Last year I decided to dip my toe into the street fair pool. I signed up for three different events around the city, and showed up with about a dozen reasonably priced paintings to sell along with boxes of other odds and ends. I thought I was ready for anything—sun, wind, rain, bugs, long days without a potty break, and no place to buy a bottle of water for less than five bucks—but there were still quite a few surprises.
I had prepared to tell my story—how I came to be an artist, what I love about painting, and what I hope to communicate. In anticipation of blooming conversations about my work, I had also developed anecdotes to share about each piece, some funny, some interesting, and some emotionally touching. But what I wasn’t prepared for were questions about my sales policies. There I was, assuming the role of salesperson without having thought all that through. I was on the spot making snap decisions, which is never a good place to be, right?
So if you’re thinking of taking initiative and selling your own work sometime in the future, here are some questions you should be ready to answer:
What forms of payment do you accept? If you’re only just exploring self-sales, you may not be ready to set up a Square account or something similar that gives you a device for charging credit cards through your smartphone. But keep in mind that hardly anyone carries cash, so if your pieces are more than $50, people may ask if you'll take a personal check. Are you willing to take a chance on a bounced check? Decide what’s comfortable for you in advance.
Can I pay you in installments? Even if you’re selling at a street fair, your bigger pieces might go for several hundred or more. So it’s possible that someone might fall in love but not have the means to pay you all at once. Knowing it’s a one-of-a-kind item and this may be the only chance to get it, he or she might ask for installment payments. Does that work for you? Again, decide how you feel and what you think a reasonable plan would be. Also decide who gets to keep the artwork until the final payment is made. For example, you could ask for a deposit (refundable? nonrefundable?) to hold the work until the balance is paid on a certain date. Whatever you agree on, get it in writing before your buyer leaves your booth with the piece.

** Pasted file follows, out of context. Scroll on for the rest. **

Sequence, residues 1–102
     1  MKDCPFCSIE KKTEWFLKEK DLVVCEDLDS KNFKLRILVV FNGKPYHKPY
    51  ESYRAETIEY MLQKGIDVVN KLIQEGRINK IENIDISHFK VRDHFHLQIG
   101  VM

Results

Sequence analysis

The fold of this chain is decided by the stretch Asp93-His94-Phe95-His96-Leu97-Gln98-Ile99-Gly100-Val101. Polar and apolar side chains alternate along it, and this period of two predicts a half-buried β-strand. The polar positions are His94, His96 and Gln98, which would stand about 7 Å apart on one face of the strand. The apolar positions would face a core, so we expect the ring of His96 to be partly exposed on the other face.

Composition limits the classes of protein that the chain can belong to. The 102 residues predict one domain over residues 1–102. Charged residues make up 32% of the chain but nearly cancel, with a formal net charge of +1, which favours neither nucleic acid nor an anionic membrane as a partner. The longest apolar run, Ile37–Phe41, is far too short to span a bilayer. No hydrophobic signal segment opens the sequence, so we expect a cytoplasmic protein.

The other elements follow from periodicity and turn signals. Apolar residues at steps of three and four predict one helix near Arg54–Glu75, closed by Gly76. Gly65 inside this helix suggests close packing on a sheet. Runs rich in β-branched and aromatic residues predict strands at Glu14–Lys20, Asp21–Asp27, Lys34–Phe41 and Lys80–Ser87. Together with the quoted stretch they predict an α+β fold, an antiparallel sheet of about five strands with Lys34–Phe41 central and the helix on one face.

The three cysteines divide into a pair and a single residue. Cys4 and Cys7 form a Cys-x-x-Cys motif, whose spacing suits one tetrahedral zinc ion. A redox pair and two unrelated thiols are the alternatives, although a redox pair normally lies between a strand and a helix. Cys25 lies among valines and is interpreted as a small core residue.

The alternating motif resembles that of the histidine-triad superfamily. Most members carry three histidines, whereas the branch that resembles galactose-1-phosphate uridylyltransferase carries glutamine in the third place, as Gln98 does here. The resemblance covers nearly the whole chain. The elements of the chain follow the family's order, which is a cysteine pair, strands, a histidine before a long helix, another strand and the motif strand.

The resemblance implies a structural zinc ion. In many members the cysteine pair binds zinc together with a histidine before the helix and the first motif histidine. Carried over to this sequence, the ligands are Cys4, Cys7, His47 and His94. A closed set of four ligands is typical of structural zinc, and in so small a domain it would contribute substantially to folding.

Do you offer a discount? Try not to be insulted by this one—it’s not a reflection on your work. The people who ask for discounts do it because they just love to feel like they’re getting a bargain whenever they can. So how do you feel about discounting your prices? If you agree to offer them, the law says you have to be consistent in your policies. So decide up front when and why you’re willing to grant discounts, such as 10% when someone buys two or more pieces or 5% for paying in cash.
Can I return it if it’s not working for me/doesn’t match the sofa/my spouse flips out over how much I spent when I get home? This one’s tricky. It’s tempting to say yes because you want to start building positive relationships with buyers, but how will you feel about refunding money on a work of art that’s coming back to you damaged or broken? If you agree to accept returns, make it clear you’ll only take something back if it’s returned in the same condition as when it was sold. It might even be wise to print out some receipts with that policy on it that you can tuck in with the artwork before handing it over to the new owner.
And finally, do you take commissions? Before you agree, you need to ask yourself if you really want to be at someone else’s direction when you’re creating. You should also ask the person what he or she wants you to create. People don’t really understand that artists have specialties, so they’re likely to ask you to do something you’ve never done before, like paint a pet portrait when you’re a landscape painter. If you do decide to take on the commission challenge, what will your process and payment plan be? Most artists do a preliminary sketch and get approval before creating the final work, and the payments are often split up to align with those milestones.
Now, if there are any street fair or open studio veterans out there, I’d love to hear from you. What other questions do we need to be prepared to answer when we're selling our own art? Let’s connect!